[sic] Magazine

Mushroom Giant – Kuru

It starts with footsteps, birdsong, the faint clatter of drumsticks, and the feeling that something strange and subtle is approaching you. Well, at least for the first twenty-five second — after that, it’s all weirdness.

Australian band Mushroom Giant ‘s debut ‘Kuru’ is a string of psychedelic, proggy soundscapes that never really waver; they just twist across your brain in a haze of synth and guitar. In fact, that is the album’s biggest problem: no ups or downs! It starts off with ‘Graven Image,’ a ghostly prog number that drifts along on a wave of stabby drums, tornado-esque synth and hazy guitars. It moves slowly from one psychedelic soundscape to the next almost without warning — suddenly all the music will die away except the drums, only to rev up again with a whole new sound.

After that, they dip into rainy prog-rockers with a folky edge (‘Autumn Leaves The Dead,’ ‘Pigeons’), languid violin-led tunes (‘Sirentha’), murky slow-burning rock (‘Shadows,’ ‘Woman Heroin’), epic psychedelic expanses (‘Bones in the Attic’), and a three-part blast of fire-blasted, psychedelic rock’n’roll at the end. A lot of new bands and artists haven’t yet solidified a sound that is ‘them,’ so they try out everything and end up all over the map. Mushroom Giant don’t have that problem — they have a strong core of psychedelic prog that links all these songs together, as well as some strong blurry guitars, synth and drums as sharp as razors.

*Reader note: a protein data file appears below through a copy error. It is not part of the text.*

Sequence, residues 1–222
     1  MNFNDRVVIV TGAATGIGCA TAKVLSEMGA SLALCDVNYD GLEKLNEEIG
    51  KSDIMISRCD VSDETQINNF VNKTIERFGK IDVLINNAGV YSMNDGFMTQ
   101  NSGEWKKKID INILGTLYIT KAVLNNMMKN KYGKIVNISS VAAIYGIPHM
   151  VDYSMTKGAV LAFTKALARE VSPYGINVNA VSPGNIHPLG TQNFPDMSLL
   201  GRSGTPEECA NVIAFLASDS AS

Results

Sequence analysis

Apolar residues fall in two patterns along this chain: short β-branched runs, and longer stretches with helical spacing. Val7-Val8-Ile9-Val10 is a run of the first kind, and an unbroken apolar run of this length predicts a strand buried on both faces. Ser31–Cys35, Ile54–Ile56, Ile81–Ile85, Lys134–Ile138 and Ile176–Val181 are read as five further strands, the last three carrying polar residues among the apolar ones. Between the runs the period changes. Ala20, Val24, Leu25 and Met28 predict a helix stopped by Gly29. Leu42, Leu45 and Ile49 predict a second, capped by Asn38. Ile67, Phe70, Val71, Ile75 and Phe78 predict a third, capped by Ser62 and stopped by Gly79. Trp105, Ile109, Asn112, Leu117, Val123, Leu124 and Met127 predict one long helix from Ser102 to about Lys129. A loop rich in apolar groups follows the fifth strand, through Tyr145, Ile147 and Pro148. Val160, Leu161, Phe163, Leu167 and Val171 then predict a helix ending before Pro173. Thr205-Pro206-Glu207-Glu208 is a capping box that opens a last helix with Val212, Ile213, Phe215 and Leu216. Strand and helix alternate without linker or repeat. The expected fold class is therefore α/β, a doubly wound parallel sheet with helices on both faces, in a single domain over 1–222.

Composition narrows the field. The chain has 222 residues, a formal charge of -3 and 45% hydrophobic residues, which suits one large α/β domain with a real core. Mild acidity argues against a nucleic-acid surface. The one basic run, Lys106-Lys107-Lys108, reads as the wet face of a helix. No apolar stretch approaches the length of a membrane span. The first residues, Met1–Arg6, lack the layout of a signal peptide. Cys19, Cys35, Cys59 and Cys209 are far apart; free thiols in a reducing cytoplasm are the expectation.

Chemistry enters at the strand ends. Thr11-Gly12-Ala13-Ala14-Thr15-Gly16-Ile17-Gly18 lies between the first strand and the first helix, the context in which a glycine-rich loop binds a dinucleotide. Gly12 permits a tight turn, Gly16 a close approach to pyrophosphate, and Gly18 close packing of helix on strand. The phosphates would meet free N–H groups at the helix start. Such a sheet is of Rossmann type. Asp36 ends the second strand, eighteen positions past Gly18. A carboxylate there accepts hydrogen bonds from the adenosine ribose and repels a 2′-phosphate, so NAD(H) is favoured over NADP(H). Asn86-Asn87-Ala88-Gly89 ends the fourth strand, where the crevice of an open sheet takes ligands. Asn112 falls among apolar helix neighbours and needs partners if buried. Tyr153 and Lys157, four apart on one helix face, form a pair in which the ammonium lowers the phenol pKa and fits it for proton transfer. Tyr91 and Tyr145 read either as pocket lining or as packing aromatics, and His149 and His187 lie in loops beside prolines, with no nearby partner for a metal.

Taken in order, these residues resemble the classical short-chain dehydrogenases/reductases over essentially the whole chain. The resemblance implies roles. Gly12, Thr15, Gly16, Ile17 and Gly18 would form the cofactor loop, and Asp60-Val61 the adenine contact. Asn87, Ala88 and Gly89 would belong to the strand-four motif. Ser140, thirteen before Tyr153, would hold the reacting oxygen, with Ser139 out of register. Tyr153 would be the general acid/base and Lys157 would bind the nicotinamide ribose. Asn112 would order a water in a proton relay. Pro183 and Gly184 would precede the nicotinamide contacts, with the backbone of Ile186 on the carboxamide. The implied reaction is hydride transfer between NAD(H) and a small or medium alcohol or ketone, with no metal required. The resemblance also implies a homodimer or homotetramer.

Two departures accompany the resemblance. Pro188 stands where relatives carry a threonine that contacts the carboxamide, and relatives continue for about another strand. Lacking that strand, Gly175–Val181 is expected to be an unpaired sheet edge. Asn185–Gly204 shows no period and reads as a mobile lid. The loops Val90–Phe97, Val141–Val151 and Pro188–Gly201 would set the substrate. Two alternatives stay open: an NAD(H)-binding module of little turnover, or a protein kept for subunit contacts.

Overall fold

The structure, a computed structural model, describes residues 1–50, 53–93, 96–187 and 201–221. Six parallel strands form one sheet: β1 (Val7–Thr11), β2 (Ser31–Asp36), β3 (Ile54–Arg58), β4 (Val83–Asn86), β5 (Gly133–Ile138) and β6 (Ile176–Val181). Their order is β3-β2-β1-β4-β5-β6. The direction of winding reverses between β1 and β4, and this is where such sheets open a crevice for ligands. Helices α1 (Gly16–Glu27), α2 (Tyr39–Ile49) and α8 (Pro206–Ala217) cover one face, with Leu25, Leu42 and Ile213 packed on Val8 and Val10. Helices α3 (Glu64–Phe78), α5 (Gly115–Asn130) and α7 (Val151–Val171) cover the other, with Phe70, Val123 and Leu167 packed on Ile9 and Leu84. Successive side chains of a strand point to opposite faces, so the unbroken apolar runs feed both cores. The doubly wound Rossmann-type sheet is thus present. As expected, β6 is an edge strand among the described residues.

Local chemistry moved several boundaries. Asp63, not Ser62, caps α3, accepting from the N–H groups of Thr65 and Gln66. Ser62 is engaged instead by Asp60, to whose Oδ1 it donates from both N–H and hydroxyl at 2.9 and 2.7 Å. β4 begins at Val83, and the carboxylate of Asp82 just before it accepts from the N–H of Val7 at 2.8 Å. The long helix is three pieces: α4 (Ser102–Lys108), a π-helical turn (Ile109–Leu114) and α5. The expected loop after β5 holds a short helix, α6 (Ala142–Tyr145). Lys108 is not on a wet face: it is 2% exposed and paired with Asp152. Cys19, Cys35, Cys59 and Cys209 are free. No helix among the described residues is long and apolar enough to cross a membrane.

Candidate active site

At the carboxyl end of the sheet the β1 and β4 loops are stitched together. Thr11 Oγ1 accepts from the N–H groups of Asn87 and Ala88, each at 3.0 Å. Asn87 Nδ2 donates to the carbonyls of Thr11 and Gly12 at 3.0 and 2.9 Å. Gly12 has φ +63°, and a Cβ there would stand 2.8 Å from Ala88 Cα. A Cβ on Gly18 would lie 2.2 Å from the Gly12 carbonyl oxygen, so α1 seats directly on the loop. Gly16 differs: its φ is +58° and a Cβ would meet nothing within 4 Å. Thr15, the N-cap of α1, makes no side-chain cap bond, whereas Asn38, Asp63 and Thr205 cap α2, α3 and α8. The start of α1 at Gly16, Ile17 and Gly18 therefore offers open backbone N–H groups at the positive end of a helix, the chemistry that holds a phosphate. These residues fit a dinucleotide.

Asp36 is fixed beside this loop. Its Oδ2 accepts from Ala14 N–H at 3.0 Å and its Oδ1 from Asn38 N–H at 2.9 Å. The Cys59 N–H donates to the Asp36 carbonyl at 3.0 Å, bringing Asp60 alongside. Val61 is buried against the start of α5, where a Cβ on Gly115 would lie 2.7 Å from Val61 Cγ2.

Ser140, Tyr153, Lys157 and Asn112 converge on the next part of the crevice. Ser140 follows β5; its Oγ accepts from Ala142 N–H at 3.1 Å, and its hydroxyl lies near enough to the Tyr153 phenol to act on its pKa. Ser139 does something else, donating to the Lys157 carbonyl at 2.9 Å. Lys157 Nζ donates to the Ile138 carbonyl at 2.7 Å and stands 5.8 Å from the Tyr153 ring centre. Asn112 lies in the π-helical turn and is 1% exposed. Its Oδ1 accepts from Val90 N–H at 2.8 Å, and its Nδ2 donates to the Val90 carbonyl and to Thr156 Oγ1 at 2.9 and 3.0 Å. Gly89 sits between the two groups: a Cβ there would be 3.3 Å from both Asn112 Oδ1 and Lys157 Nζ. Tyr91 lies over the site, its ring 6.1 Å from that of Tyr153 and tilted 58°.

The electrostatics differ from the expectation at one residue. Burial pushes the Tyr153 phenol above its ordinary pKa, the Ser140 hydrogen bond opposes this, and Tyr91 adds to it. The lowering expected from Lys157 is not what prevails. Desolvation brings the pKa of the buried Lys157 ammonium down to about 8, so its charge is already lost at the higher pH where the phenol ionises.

There are no vocals here, except for some wavering vocals that warble through ‘Bones in the Attic’ and ‘Shadows’ with nary a spoken word. Oh yes, there’s some audio clips of what sounds like movie dialogue. But they’re quickly swamped by dark waves of guitar and the bittersweet loops of violin, as if to remind you what the music is all about. So what’s the problem? Perhaps it’s that almost every song goes along a completely straight line — it starts, meanders along, and eventually stops. It’s easy to drift out of their music because there isn’t any buildup or climax to the songs, and when there’s an entire album of the stuff, you end up pretty much lost. ‘Kuru’ is an album best appreciated one song at a time — Mushroom Giant has a solid central sound, but it’s just hard to stick with an album that never goes up or down, left or right.